Writing/Reading Facilitative E-tools: getting ELLs to improve & focus on their literacy skills The use of five writing/reading-facilitative e-tools such as writeboard, wikis, webquests, and e-books, to enhance an ELL’s literacy skills realizes the spirit of Principle #1 of our five principles for creating effective second language learning environments, namely, “Give ELLs many opportunities to read, to write, to listen to, and to discuss oral and written English texts expressed in a variety of ways” .
Writeboard Wikis Blogs Webquests Teaching Help EFL Classroom Buzka at http: //eflclassroom . buzka .com/Writing is an online resource primarily for English language teachers but content area teachers will find many useful ideas here as well; it suggests ways of using process writing e-tools for working with ELLs. Teaching Help The following links provide resources about the use of wikis with ELLs. ESL Writing Tech at http: //eslwritingtech . wikidot .com/2006-latesol-cool-online-tools lists resources for wikis, blogs and other tools for online teaching of ELLs.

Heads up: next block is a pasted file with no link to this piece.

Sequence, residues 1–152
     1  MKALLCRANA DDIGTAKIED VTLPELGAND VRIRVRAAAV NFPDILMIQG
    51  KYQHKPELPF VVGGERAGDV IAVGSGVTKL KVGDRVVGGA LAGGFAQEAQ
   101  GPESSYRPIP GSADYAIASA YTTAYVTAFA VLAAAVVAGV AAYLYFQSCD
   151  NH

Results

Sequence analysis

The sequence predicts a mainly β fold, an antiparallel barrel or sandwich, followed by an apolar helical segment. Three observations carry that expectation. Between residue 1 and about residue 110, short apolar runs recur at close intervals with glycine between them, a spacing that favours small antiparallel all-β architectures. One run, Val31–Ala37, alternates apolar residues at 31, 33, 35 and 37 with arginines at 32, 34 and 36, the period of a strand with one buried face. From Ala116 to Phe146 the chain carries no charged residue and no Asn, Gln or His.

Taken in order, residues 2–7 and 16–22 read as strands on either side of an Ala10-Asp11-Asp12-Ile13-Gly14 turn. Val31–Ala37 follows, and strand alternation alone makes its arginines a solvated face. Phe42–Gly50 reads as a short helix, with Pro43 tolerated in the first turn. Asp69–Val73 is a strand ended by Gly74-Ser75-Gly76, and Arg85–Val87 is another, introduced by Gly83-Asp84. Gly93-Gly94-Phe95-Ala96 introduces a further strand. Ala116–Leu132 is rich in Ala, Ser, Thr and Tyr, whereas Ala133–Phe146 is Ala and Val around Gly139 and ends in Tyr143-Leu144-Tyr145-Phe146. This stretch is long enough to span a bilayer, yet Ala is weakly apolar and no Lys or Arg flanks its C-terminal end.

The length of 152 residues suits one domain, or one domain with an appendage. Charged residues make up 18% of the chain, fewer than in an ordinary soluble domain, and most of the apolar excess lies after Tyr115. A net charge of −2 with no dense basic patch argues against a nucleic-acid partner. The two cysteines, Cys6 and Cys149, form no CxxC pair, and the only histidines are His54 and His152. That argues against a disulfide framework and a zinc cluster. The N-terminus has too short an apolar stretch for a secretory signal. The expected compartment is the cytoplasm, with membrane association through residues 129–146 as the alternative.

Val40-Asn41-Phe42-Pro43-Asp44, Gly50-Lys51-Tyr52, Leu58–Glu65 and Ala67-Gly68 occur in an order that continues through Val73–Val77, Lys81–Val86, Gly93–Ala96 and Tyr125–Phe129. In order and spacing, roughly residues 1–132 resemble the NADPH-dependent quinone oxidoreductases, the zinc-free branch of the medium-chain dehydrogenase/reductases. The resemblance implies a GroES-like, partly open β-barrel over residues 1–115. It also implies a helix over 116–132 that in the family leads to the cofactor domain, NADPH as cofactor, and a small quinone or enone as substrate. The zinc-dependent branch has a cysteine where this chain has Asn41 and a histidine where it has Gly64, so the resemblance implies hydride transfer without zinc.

For example; The teacher sets up a wiki for use as the class dictionary. This can consist of one page, or a series of pages. The vocabulary can be organized according to topic, or perhaps more easily, alphabetically. During lessons, the teacher highlights vocabulary (words and phrases) which are important for students to learn. The class can decide as a group what elements need to be put into the dictionary, for example, a definition of the word or phrase, a possible translation, an example sentence, information on pronunciation, and so forth. Students are put into small groups, and each group is assigned a period of time when they are responsible for adding class vocabulary to the wiki. The teacher can assign students tasks to be done with the help of the class dictionary, for example, Write a story/paragraph using at least ten words from the class dictionary.